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The top stars in football return to the pitch this weekend in the game’s most talked about competition. That’s right, the Saudi Pro League is back, kicking off on Friday night with Al-Ahli hosting Al-Hazm in a sweltering Jeddah.
Saudi Arabia’s swashbuckling arrival in the global transfer market has been the talk of the football world all summer. Some are unfazed — Premier League chief executive Richard Masters brushed aside any suggestion that the upstart contest posed any threat to the established power structures of European football.
But the Saudi league has already notched up a win off the pitch. This week it sealed broadcast deals in several continents with sports streamer DAZN — something Saudi-backed LIV Golf struggled with from day one.
This week we’re looking at how the Newcastle United — another part of Saudi Arabia’s football experiment — has prospered while US-owned Chelsea has faltered. And we look at ESPN’s big bet on . . . betting.
And for Premier League watchers, you’ve got the chance to play fantasy football against your favourite FT journalists from our DD and Scoreboard newsletters again this year. Just use the league code: nro3va
Do read on — Josh Noble, sports editor
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ESPN enters the sports betting fray
The deal of the week is the shock news that ESPN will enter the sports betting marketplace for the first time, partnering with US gambling company Penn Entertainment. As part of the transaction, Penn is cutting ties with existing partner Barstool Sports after spending $550mn to acquire it, handing the keys back to founder Dave Portnoy for effectively $0 and schmuck insurance.
Portnoy appears to have scored a pretty sweet deal, even after admitting his own behaviour (ranging from allegations of reckless gambling to violent sex, according to reports from the New York Times and Insider) hindered Penn from securing betting licences. But let’s set Barstool aside for the moment.
The bigger move — and ultimately the bigger question — is how the tie-up between Penn and ESPN will impact both parties. For Penn, aligning with ESPN is a matter of expanding its user base. ESPN reaches more than 370mn people through social media and more than 100mn though monthly unique digital views across its sites. All told, Barstool accounted for just 1.5mn sign-ups in three years of co-branded sportsbooks with Penn, according to the latter’s chief executive, Jay Snowden.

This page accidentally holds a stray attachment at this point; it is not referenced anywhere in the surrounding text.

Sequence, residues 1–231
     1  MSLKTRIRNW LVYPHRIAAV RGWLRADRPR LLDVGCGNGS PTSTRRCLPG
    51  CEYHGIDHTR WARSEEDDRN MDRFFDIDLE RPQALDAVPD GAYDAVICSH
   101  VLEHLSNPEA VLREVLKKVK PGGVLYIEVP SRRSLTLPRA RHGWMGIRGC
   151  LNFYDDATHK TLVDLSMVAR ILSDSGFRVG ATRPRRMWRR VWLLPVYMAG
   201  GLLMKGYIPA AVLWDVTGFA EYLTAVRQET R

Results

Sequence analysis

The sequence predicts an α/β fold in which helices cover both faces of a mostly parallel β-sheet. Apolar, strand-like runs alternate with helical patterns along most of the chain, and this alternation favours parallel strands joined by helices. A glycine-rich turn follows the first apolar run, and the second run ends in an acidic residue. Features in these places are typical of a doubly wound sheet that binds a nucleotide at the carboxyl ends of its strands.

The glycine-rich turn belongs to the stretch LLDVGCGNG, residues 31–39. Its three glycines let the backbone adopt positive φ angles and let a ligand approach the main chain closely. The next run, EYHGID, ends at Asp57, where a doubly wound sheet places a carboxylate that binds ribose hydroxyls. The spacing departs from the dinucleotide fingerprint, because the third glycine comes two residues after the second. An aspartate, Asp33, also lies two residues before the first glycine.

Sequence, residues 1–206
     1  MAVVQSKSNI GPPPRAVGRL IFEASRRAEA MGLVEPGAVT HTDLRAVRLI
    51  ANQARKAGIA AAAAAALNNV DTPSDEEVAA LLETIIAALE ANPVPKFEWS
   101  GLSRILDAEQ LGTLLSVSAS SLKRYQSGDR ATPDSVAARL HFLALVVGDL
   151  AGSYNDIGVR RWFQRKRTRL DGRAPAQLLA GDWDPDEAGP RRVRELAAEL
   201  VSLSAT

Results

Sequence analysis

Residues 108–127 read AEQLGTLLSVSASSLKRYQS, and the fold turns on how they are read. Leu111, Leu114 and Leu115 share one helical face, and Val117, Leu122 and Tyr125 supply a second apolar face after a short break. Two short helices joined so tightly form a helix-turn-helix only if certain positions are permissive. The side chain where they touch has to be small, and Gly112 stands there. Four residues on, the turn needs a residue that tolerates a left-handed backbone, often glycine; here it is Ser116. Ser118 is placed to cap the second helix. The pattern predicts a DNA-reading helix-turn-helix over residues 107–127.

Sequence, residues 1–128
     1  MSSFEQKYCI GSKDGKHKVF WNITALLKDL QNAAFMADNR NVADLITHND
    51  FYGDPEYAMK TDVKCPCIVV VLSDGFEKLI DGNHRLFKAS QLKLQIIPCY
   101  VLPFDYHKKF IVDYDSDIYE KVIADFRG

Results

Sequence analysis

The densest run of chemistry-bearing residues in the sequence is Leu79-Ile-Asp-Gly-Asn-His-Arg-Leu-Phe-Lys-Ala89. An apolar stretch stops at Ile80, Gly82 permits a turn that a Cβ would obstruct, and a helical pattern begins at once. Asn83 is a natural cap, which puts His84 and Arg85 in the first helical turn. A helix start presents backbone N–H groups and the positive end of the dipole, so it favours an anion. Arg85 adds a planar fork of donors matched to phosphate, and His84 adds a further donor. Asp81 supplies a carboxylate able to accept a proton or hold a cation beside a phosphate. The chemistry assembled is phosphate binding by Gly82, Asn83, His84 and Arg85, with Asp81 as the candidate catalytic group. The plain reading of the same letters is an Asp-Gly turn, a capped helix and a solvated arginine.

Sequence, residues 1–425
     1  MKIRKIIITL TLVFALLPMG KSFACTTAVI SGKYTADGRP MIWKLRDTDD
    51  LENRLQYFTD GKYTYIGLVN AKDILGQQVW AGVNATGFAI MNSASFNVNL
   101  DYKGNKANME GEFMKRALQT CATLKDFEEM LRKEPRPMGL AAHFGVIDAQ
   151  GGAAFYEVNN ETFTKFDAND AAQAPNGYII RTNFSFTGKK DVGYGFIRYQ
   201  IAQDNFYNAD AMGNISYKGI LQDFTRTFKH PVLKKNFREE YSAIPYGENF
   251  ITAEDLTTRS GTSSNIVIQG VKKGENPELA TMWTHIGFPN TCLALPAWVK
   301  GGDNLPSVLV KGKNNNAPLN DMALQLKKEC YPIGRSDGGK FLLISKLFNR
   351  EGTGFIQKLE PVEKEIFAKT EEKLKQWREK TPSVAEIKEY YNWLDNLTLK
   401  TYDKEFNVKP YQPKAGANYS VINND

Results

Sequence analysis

That broad potential customer base is a necessity for Penn, which languishes well behind competitors in the nascent US sports betting market. Penn’s sportsbook with Barstool has just 2 per cent of market share, according to Eilers & Krejcik Gaming. Penn is betting a long-term partnership with ESPN will turn things around, committing $1.5bn in cash over ten years plus an additional $500mn in stock warrants.
But what about ESPN? The future for the network (which once called itself “the worldwide leader in sports”) is murky. Bob Iger’s second reign at Disney entails taking a more serious look at options for the television business, including ESPN.
By launching a sportsbook, ESPN could be adding an identity crisis to an existential crisis. Consider that in 2019, Iger saw sports betting as anathema, telling investors that “we’ll provide programming that will, I guess, be designed to enlighten people who are betting on sports. But that’s as far as we would go . . . we just don’t intend to go into the gambling business”.
There are already ethical concerns about media companies getting into bed with sportsbooks: Shams Charania, an NBA reporter for the Athletic who also is paid to promote FanDuel, caused a minor maelstrom in June after one of his reports, which ultimately proved false, moved the betting lines around the NBA draft.
To pan out: sports betting is still an extremely immature market in the US, with incomplete access as more states weigh legalisation and efforts to build a responsible gaming infrastructure remain patchy. That extends to best practices in media. Will the roughly $150mn in revenues the network receives from Penn per year supersede the potential risks of extending the ESPN brand from sports coverage to sports betting? Only time will tell.